We were intrigued when we heard about the world of rose judging and wondered how this could apply to the home gardener. So we went to an expert to get the scoop.
Noted rosarian, Susan Fox, lives in the world of roses. She was awarded the American Rose Society’s Presidential Citation for promoting the rose and rose education via social media, she has been a judge at the International Biltmore Rose Trials in Asheville, N.C., and she is the author of “Four Seasons of Roses Monthly Guide to Rose Care.” Susan knows roses and is committed to teaching and helping people add roses to their garden, so we asked her for tips on growing roses.
Q. You tell us there are roses for every garden, but how do I know they will work in my garden?
A. I first ask what do you want to achieve by adding roses? Do you want a view of roses from your window? Do you want to take photos of roses? Do you want a fresh bouquet for your home? Once you answer, the next question is what will make you happy and meet your needs? Is the color most important? How much time do you have to care for the roses? These answers help narrow the type of rose garden suitable for you.
Q. What if I don’t have much time to spend on a rose garden, yet I want a beautiful one?
A. Hybridizers are coming out with better rose care options; no spray, more disease resistance and rapid bloomers are making rose gardening easier. I like a floribunda rose. It has the quality of a hybrid and a rapid bloom cycle.
Q. How do I know if roses will grow well in my area?
A. First, check a plant hardiness map to determine your zone. This is something every gardener should know. Then when you buy roses, in person or online, only buy ones for your zone. In fact, when you shop online at some rose growers, many will store your zone information and will not sell you the wrong rose.
Q. Roses need full sun, but I only have part sun. Can I still grow roses?
A. Yes, roses need 6-8 hours of sun, however they will bloom with just 4-5 hours. Roses actually do quite well with this amount of sun. They will have fewer blooms and more foliage, so ask yourself if fewer blooms are ok? Actually, the quality of the sun is important. Less sun in the hottest part of the day is fine.
Q. There are so many varieties that there seems to be a rose for everyone and every condition. What if I have a small garden or only containers?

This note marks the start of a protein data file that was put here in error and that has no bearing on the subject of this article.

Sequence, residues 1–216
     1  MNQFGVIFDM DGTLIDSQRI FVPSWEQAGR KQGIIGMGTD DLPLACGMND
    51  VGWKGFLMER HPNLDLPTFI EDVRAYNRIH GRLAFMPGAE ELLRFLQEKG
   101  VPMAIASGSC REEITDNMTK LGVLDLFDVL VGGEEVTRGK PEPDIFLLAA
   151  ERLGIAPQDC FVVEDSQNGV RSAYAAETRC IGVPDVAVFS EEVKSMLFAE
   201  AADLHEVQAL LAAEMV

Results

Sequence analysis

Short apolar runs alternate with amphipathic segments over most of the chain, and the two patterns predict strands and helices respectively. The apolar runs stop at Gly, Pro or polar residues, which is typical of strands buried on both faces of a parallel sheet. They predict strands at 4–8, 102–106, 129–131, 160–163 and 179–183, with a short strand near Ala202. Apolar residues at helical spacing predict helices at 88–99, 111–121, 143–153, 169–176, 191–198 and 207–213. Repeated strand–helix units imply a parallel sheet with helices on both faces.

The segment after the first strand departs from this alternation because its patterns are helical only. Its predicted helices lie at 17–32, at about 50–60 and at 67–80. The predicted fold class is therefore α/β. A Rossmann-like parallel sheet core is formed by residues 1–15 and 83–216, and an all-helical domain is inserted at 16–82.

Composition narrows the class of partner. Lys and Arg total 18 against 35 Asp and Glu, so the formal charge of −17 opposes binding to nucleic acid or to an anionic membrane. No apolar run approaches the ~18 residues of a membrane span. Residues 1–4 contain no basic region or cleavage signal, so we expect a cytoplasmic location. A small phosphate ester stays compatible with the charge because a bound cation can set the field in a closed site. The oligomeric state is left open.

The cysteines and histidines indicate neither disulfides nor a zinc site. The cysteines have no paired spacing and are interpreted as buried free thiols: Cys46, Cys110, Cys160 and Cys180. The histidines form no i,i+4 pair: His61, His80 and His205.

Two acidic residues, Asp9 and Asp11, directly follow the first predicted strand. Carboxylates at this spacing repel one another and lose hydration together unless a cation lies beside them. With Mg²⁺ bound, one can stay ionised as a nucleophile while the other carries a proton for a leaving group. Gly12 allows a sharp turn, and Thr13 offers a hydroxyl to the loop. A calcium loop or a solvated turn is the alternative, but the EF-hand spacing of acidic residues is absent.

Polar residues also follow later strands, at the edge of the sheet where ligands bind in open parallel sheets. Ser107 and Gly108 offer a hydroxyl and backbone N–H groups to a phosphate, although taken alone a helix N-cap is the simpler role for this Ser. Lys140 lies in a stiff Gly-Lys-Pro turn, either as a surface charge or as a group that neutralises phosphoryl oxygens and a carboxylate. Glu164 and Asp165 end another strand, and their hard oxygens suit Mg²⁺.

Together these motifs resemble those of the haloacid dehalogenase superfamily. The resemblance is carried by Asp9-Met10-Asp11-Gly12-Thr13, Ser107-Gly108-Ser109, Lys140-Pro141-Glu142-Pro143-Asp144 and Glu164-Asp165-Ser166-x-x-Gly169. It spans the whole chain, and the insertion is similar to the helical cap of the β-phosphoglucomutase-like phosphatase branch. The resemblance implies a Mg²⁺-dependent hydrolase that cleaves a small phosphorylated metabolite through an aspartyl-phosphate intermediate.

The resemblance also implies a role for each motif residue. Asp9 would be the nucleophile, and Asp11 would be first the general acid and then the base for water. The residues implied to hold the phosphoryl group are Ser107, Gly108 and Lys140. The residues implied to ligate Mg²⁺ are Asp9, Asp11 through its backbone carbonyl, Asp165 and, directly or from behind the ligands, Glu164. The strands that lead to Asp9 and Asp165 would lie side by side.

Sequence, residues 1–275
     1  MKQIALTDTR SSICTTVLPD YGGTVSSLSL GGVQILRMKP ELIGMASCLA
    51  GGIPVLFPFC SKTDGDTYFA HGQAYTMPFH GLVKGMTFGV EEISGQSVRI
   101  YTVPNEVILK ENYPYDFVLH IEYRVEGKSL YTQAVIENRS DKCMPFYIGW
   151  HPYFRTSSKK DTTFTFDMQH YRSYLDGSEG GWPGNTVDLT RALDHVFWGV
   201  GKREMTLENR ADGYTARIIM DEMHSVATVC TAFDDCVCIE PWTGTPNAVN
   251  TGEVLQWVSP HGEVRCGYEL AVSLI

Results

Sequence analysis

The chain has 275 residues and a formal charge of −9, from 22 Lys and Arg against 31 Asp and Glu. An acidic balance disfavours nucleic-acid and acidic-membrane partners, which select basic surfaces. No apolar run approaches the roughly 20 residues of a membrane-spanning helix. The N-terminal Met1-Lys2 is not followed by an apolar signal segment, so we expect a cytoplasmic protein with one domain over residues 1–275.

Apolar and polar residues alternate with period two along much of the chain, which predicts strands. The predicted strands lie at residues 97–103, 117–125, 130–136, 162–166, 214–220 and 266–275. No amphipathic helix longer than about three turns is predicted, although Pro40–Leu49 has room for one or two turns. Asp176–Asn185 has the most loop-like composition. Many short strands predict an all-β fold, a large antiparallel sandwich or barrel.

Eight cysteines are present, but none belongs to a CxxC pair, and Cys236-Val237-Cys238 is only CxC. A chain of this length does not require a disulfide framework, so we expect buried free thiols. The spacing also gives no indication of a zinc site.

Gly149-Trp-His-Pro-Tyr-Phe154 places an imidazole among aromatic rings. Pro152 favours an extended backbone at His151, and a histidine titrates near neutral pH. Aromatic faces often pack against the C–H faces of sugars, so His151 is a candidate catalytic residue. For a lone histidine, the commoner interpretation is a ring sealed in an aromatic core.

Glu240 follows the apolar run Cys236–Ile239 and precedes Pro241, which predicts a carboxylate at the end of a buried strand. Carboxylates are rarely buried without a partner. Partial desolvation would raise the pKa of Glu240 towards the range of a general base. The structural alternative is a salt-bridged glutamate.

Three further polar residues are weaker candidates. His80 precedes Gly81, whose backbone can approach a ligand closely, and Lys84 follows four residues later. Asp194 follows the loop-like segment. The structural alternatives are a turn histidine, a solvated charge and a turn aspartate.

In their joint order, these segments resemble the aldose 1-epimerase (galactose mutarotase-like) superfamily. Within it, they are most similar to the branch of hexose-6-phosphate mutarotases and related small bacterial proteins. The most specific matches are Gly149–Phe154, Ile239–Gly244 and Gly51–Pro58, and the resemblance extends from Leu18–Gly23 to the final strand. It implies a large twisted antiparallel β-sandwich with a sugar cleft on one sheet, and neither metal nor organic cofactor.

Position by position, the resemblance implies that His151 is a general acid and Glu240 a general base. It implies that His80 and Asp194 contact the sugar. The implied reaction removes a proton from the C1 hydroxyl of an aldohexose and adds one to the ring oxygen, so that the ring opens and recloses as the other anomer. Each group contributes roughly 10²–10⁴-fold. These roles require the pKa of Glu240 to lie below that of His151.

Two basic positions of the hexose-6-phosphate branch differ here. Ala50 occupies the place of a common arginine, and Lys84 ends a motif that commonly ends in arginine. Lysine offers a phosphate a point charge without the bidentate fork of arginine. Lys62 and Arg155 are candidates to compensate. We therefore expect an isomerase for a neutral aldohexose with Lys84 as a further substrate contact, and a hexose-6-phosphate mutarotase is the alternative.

A. Mini roses are great for small spaces and containers, but pay close attention to the plant tag. Not all small roses stay small. It might be the bloom that stays small, not the plant. The best one that stays small is a micro-mini, but these come in tall, mini or compact, so read the tags.
Q. What is the number one mistake you see when people buy a rose?
A. They buy a rose based on the name of the rose and know nothing about it. Then they plant the rose, not knowing if it’s right for their location, it develops problems and dies, and they think they killed it. They then say they can’t grow roses. Instead, they didn’t buy the right rose for the space and didn’t take the time to learn how to care for it. Roses are not difficult to grow. They have been around forever in the world, growing with little care or chemicals.
Q. What’s on the horizon for roses?
A. People want a real rose—one that looks, smells and acts like a rose, but is easy to care for. Like the ones we had in the past. They also want more earth-friendly roses. The top hybridizers are working to create better, easier to care for roses with stronger fragrance. It’s encouraging that the hybridizers are listening to consumer requests.
To learn more about Susan Fox’s work and mission to promote rose growing, visit www.gagasgarden.com.
LEARN MORE ABOUT ROSES:
Chicago Flower and Garden Show
If your plans have you going to the Windy City in mid-March, make plans to attend the Chicago Flower and Garden Show on March 12-20 while you are there. Or just book a cheap flight now and head north to Chicago for this amazing exhibition of horticulture.
The insightful and interesting gardening seminars are a keystone of the show. Held several times a day throughout the show’s run, the seminars are geared to give gardeners of all experience levels the knowledge and confidence to create the gardens they wish to have. The Seminar Series features nationally recognized speakers on a wide variety of topics, from growing your own herbs and vegetables to caring for shrubs and perennials. Some touch on the mind-body-spirit connection, revealing a path to well being for the plants – and the gardener.
In addition to Susan Fox’s presentation on “Roses Are for Every Garden,” North Carolina’s own Bryce Lane of North Carolina State University will present “The Joy of Gardening: The Power of Plants to Change Your Point of View.” He will also present “Heads-Up Gardening: The Importance of Light in the Garden.”
For more information on the seminars and the show, visit www.chicagoflower.com.